F: F: International student fees are at an all-time high, how do you plan on advocating for them?

AW: The fees that our international students pay are ridiculous … International student fees are not just higher, they’re a little too extreme. The focus on lower tuition in the past has focused on the impact on students. Negative impact financially, negative impact on their mental health, or another reason. But each time, [they] have been rejected. 

So, I’m thinking of a different approach, with regards to how we can accomplish a tuition reduction. Let’s look at taking a certain amount of tuition, or reducing the tuition of these students by a certain amount, and see how much money we lose, and then find a way to get that money somewhere else so that the university doesn’t consider that as a loss of revenue in its essence. In the sense that they’re not losing the tuition revenue, but they’re making it up somewhere else. From my perspective, this sort of plan leaves the BOG with no reason to say no. Before, yes, the issues that were brought forward by other student reps, those reasons should have been enough to lead to a reduction, they weren’t, and from my understanding, it’s mainly because tuition makes up the majority of the revenue. So this plan that I have, and I’m happy to go into it a little bit, is essentially to make-up for that loss so there’s no reason to say no. Especially for international students and the fees that they have — a tuition reduction can go a long way. 

F: How do you plan on working to improve mental health and wellness on campus?

AW: The thing to note with regards to mental health on our campus is that, as we’ve seen in the past, we’ve been pushing the investment in mental health recommendations …  It takes time and it takes a lot of pressure. In the short term, there has to be a solution. And so, obviously the work that Saada [Hussen] and Jaime [Ghossein] have done with regard to mental health has been nothing short of exceptional, but I think there’s still a long way to go. So I think working with the BOG to implement the recommendations is going to take a lot of lobbying, advocacy, and it’s going to take time. That’s the reality of the situation. It shouldn’t take time, when students are struggling, but it will. 

So, in the short-term, while we’re working toward those implementations and those long-term changes, we should focus on supporting students. People have long fought for investment in mental health, for increases in counsellors and what not. Some of it has been granted, but a lot of it has not. So, the perspective that I’m taking in this platform is, students helping students. That means creating support groups specifically facilitated and run by students. Student groups where students can go to and talk with people who understand what they’re going through…

F: For next fall, Jill Scott has said that she plans to have 30 to 50 per cent of courses in person. How are you going to work with the BOG to develop a plan that is both fair and safe for students coming back to campus?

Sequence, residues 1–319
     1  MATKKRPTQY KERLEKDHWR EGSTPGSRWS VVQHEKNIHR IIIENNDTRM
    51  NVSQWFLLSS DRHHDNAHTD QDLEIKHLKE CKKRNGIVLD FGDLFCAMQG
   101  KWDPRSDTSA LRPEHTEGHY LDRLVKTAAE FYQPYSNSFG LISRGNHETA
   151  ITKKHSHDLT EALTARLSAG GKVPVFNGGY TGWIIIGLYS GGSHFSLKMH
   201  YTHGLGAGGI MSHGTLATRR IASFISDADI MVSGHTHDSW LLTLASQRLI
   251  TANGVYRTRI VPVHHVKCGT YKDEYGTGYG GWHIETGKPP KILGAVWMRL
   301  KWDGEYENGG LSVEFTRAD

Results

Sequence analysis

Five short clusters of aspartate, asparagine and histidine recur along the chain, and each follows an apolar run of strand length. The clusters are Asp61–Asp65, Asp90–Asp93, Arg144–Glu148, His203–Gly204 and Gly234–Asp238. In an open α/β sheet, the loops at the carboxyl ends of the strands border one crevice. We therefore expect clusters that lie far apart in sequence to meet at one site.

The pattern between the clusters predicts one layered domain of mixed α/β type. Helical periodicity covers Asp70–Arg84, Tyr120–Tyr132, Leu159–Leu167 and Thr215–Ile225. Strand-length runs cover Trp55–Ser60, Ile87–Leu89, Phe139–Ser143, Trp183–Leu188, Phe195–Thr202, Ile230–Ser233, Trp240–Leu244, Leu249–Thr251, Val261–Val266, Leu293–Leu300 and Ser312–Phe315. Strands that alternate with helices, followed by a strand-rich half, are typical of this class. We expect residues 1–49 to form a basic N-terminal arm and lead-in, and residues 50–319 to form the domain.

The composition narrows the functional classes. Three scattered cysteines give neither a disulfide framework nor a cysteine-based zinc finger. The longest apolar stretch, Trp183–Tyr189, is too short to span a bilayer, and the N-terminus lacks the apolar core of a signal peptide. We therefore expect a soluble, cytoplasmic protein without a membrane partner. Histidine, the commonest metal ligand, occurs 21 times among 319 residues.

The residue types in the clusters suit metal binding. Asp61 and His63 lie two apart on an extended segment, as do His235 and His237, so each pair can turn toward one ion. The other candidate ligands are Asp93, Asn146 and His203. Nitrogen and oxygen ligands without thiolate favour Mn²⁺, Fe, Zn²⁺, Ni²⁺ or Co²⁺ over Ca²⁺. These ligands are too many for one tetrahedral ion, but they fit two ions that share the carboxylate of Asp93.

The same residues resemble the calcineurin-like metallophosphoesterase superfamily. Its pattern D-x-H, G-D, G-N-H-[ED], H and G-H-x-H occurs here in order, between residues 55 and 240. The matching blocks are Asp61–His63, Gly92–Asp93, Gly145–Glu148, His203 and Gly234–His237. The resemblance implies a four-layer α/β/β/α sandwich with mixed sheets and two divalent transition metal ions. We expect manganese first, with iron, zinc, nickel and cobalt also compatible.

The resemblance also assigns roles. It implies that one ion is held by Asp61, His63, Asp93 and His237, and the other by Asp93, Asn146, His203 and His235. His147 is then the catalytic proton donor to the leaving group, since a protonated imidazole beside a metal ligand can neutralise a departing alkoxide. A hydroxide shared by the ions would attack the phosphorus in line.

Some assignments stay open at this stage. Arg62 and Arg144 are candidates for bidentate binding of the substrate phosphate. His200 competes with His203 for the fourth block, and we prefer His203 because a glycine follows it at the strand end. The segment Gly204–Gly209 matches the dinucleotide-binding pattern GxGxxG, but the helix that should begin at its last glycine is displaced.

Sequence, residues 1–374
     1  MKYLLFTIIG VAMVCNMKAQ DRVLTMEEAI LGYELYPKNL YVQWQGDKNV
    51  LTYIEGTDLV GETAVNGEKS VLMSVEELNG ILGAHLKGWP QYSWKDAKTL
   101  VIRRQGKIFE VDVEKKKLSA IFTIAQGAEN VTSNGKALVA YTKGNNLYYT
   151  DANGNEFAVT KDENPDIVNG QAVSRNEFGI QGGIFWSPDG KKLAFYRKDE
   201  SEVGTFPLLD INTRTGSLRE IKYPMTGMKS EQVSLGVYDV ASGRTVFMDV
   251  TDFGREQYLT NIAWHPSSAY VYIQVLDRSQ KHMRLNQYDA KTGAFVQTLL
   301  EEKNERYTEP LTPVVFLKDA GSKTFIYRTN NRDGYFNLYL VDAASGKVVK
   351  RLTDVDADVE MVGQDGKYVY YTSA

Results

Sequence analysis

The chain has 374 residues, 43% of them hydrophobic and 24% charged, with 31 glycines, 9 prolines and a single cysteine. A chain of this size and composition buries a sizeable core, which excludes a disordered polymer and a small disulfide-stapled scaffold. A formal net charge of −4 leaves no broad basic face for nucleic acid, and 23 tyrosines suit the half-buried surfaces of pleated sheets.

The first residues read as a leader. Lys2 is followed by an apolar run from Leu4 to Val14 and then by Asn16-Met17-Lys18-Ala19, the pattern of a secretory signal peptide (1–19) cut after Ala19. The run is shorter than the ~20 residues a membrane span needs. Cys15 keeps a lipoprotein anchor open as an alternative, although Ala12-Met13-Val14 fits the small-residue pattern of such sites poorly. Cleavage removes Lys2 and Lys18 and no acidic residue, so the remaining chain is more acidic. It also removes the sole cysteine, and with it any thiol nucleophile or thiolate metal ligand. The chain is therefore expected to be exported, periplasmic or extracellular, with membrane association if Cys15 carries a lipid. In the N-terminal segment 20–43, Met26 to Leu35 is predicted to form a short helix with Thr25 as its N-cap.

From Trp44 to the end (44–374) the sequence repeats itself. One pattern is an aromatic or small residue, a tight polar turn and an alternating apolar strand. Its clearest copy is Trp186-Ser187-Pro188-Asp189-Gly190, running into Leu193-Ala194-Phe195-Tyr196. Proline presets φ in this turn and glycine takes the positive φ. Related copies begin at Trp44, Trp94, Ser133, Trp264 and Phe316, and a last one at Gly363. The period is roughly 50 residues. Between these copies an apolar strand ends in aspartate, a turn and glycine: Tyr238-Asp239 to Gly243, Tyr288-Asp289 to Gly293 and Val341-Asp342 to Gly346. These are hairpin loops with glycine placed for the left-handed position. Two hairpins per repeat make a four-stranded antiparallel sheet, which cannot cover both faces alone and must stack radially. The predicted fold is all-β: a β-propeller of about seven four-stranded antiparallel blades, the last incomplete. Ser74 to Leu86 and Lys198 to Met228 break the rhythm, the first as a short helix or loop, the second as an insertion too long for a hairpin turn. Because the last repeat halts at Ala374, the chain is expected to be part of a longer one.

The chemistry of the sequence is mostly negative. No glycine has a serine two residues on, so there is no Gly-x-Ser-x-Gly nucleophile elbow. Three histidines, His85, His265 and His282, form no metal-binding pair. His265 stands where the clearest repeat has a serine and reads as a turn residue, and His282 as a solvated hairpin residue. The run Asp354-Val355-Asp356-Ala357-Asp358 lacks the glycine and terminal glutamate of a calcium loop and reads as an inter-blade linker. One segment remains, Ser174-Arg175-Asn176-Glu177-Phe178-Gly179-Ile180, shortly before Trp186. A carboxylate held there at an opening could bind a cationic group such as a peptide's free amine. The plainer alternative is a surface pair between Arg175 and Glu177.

AW: I was very much surprised at the university’s announcement,  mainly due to the timing of it, COVID-19 continues to be unpredictable. I feel like it was a risk to the mental health of the students to announce that they’re hoping to have 30 to 50 per cent of students on campus. And the reason I say it, is that anything can happen in the next two months. Yes, we have a plan, yes we have  vaccines, but anything can happen. And if for some reason things do not allow for those 30 to 50 per cent capacity and student attendance, that could have a detrimental impact to the mental health of the students … When it comes to [a return], we’re going to have to evaluate many factors, one being international students and their time zones, whether vaccination plays a role in considering who would come back.I’ve heard different options, I’ve heard professors discussing maybe having students come into class for a week and stay home for a week so that another group of students can come in. But it will really fall to respecting the guidelines set by the government. 

With regards to formulating a plan, that’s where it really comes into play, and the BOG, the Senate, and especially UOSU, should be working together to form this plan.  Because the Senate handles the academic policy, the BOG handles the governing side, and UOSU has the student experience and perspective that might be missing from the two boards. When it comes to working with the administration to come-up with a plan, I think it’s going to take more than the board and the senate. I think the administration is going to have to open up a bit as to what they’re looking at. And working towards that. And then you know, keeping their perspectives open to the perspectives of UOSU and the student representatives — to create a plan that is conformed to the health guidelines but still holds the best interest of the students. We want all students back on campus, I think all of us are ready to come back. But we don’t want to jeopardize the safety of the students in a way that would lead to another closure. So those are the considerations that we have to keep in mind. 

F: How do you plan on actively fighting racism on campus and keeping your fellow governors to account?

AW: This issue frustrates me to my core. We’re in 2021, like this shouldn’t be happening. Tim [Gulliver] mentioned this as well, no one should have to deal with this today. And yet, we’re going through this situation, not just in, you know Canadian society, not just in the States, not just outside of the university where things are happening. University is a place of growth, where people work together to build themselves for the future. Not this nonsense, discrimination and racism. Today, we’re seeing anti-asian hate, anti-Black hate, Indigenous hate, and it’s just frustrating.